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Art & Design

Sol LeWitt
American, 1928-2007
Inverted Six Towers, 1987
White-painted wood
219.7 x 219.7 x 219.7 cm (86 1/2 x 86 1/2 x 86 1/2 inches)
Purchased in honor of Phillip M. Johnston, Director of the Museum of Art, Rhode Island School of Design, 1998-2003; accessioned by the 2002-03 Fine Arts Committee; Helen M. Danforth Acquisition Fund 2003.24

Sol LeWitt

Inverted Six Towers

Sol LeWitt
American, 1928-2007
Inverted Six Towers, 1987
White-painted wood
219.7 x 219.7 x 219.7 cm (86 1/2 x 86 1/2 x 86 1/2 inches)
Purchased in honor of Phillip M. Johnston, Director of the Museum of Art, Rhode Island School of Design, 1998-2003; accessioned by the 2002-03 Fine Arts Committee; Helen M. Danforth Acquisition Fund 2003.24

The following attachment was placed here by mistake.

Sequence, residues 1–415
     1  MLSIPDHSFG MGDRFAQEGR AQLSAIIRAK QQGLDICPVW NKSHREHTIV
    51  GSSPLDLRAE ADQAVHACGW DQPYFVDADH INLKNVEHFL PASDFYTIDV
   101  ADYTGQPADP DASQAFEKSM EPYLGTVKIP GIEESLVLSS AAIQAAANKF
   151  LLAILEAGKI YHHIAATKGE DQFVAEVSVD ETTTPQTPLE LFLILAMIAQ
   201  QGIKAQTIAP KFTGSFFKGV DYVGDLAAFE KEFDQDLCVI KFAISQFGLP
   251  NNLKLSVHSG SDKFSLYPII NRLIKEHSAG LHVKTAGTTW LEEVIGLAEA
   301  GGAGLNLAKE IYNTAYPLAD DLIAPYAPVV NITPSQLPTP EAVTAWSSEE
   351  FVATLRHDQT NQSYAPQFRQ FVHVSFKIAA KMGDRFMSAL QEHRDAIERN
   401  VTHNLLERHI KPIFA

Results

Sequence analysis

LeWitt was a pioneer of Conceptual Art. He rejected the value traditionally placed on the artist’s hand and put emphasis instead on allowing the concept alone to generate the artwork. The artist contributed the ideas, but others fabricated wall drawings and three-dimensional structures from his simple instructions. The modular structure of Six Towers exemplifies his influential Open Cube series, remarkably clear yet complex, dynamic works using only the open cube form. The monumental scale of RISD’s sculpture suggests an architectural structure and produces an optical effect that collapses the boundaries between the object and the space around and within it. Although LeWitt’s work is based on mathematical principles, he sees himself as more of a mystic than a rationalist in that he arrives at conclusions beyond mere logic.


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